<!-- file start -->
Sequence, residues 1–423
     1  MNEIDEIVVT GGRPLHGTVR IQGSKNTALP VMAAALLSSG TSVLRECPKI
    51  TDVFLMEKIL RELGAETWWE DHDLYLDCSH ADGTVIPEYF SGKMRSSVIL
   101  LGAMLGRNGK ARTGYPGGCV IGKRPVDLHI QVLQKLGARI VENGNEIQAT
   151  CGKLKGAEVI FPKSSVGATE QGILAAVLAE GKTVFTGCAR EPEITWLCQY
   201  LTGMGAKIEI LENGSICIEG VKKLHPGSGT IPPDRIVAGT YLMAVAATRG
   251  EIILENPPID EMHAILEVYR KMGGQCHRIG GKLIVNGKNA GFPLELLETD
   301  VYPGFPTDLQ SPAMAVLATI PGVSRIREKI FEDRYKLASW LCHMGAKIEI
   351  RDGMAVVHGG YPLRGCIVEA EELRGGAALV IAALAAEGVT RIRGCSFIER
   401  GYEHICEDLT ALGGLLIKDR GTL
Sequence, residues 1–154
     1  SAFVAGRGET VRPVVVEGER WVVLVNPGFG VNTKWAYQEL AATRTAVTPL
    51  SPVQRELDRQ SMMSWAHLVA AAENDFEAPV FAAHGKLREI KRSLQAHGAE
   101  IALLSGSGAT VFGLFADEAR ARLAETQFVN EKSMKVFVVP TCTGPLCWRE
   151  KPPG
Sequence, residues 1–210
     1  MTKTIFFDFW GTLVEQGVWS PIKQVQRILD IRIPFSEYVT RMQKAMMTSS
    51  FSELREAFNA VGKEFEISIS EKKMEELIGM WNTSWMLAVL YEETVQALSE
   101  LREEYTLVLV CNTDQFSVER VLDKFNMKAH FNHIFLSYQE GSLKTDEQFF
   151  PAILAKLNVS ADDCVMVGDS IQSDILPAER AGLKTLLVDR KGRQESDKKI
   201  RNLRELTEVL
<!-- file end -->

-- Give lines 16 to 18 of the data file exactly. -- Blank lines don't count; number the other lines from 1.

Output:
Sequence, residues 1–210
     1  MTKTIFFDFW GTLVEQGVWS PIKQVQRILD IRIPFSEYVT RMQKAMMTSS
    51  FSELREAFNA VGKEFEISIS EKKMEELIGM WNTSWMLAVL YEETVQALSE